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RKO Pictures

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RKO Radio Pictures Inc.
Company typeSubsidiary
IndustryMotion pictures
FoundedJanuary 25, 1929; 95 years ago (1929-01-25) (as RKO Productions Inc.)
FounderDavid Sarnoff
Defunct1959; 65 years ago (1959)
Headquarters1270 Avenue of the Americas,
New York City, New York

RKO Radio Pictures Inc., commonly known as RKO Pictures or simply RKO, was an American film production and distribution company, one of the "Big Five" film studios of Hollywood's Golden Age. The business was formed after the Keith-Albee-Orpheum theater chain and Joseph P. Kennedy's Film Booking Offices of America studio were brought together under the control of the Radio Corporation of America (RCA) in October 1928. RCA executive David Sarnoff engineered the merger to create a market for the company's sound-on-film technology, RCA Photophone, and in early 1929 production began under the RKO name (an initialism of Radio-Keith-Orpheum). Two years later, another Kennedy concern, the Pathé studio, was folded into the operation. By the mid-1940s, RKO was controlled by investor Floyd Odlum.

RKO has long been renowned for its cycle of musicals starring Fred Astaire and Ginger Rogers in the mid- to late 1930s. Actors Katharine Hepburn and, later, Robert Mitchum had their first major successes at the studio. Cary Grant was a mainstay for years, with credits including touchstones of the screwball comedy genre with which RKO was identified. The work of producer Val Lewton's low-budget horror unit and RKO's many ventures into the field now known as film noir have been acclaimed, largely after the fact, by film critics and historians. The studio produced two of the most famous films in motion picture history: King Kong and producer/director/star Orson Welles's Citizen Kane. RKO was also responsible for notable coproductions such as It's a Wonderful Life and Notorious, and it distributed many celebrated films by animation pioneer Walt Disney and leading independent producer Samuel Goldwyn. Though it often could not compete financially for top star and director contracts, RKO's below-the-line personnel were among the finest, including composer Max Steiner, cinematographer Nicholas Musuraca, and designer Van Nest Polglase.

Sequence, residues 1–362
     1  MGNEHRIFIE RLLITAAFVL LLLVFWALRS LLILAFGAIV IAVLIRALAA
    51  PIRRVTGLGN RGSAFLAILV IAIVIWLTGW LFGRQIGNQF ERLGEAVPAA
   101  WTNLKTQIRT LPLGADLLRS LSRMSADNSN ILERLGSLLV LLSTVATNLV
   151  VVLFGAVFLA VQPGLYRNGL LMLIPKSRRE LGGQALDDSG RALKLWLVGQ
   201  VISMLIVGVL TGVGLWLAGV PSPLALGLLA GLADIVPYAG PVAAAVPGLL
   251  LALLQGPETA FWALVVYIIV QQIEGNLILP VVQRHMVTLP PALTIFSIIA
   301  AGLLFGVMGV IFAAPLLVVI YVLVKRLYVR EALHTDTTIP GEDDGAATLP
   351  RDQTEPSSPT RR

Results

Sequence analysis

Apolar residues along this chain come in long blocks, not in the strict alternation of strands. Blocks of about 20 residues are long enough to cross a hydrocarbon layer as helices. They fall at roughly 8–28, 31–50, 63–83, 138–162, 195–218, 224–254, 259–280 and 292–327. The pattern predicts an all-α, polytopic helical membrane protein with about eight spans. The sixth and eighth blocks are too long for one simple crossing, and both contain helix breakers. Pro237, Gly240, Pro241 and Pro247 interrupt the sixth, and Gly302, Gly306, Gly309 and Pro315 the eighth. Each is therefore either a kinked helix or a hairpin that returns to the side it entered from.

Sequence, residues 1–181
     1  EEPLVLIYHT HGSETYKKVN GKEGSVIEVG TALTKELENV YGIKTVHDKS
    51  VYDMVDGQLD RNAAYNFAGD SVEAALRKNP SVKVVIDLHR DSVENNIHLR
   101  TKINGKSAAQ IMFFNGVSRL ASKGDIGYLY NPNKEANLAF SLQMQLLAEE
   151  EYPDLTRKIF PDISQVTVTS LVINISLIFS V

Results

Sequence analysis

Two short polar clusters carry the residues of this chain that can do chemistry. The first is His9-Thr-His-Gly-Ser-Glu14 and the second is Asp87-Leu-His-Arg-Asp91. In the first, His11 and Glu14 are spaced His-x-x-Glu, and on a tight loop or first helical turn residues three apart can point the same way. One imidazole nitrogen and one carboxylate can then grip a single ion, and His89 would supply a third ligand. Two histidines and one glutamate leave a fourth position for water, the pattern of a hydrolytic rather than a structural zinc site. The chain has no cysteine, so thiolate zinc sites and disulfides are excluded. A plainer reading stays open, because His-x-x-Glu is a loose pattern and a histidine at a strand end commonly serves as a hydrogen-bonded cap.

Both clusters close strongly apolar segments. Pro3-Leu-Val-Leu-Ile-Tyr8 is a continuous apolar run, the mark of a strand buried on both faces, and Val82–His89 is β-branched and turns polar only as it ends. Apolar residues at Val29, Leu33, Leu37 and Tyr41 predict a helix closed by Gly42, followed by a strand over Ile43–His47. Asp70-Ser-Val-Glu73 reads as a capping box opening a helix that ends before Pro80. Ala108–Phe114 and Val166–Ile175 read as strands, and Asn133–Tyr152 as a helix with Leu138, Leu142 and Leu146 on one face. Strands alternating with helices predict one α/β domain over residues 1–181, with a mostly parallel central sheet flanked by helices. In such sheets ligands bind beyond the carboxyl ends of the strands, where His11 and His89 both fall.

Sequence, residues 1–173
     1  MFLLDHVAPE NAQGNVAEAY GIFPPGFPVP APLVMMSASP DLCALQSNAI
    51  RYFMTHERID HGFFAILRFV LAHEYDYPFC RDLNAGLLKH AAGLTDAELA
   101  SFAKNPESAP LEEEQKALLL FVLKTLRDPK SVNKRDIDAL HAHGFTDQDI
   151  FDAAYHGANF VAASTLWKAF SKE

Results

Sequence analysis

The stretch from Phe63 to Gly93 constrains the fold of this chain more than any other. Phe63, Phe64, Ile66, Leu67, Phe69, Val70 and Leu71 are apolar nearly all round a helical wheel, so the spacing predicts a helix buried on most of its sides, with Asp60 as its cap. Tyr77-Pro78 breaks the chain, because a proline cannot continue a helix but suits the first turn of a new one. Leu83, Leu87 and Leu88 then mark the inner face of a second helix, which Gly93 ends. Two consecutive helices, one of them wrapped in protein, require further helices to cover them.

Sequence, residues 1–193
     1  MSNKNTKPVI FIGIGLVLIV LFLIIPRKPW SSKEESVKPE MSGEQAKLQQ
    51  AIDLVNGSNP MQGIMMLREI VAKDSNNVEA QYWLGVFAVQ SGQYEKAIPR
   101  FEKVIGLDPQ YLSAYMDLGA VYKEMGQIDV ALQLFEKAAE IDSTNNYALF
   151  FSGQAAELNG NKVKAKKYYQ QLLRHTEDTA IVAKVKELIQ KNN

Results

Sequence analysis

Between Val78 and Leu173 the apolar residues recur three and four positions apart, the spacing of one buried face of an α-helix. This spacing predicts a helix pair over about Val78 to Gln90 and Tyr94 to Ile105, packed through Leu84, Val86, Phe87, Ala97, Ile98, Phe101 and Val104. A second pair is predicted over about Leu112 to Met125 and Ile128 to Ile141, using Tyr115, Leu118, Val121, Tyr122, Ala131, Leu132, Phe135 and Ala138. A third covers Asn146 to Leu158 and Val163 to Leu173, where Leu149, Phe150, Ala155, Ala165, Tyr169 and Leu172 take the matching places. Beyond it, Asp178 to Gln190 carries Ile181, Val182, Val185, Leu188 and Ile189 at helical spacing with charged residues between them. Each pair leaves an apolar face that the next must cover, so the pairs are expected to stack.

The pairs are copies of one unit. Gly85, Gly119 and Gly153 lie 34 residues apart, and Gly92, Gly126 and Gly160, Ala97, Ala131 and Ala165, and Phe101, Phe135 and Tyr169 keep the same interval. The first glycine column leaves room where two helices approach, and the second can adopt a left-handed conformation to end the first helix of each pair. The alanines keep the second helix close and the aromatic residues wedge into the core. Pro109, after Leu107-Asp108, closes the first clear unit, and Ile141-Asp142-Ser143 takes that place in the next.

Maverick industrialist Howard Hughes took over RKO in 1948. After years of disarray and decline under his control, the studio was acquired by the General Tire and Rubber Company in 1955. It soon broke new business ground as the first major studio to sell the bulk of its film library's TV rights. The original RKO Pictures ceased production in 1957 and was effectively dissolved two years later. In 1978, broadcaster RKO General, the corporate heir, launched a production subsidiary, RKO Pictures Inc., which revived the theatrical brand with its first releases three years later. In 1989, this business, with its remaining assets, including the studio trademarks and the remake rights to many classic RKO films, was sold to new owners, who established the small independent company RKO Pictures LLC. The original studio's film library is now largely controlled by Warner Bros. Discovery.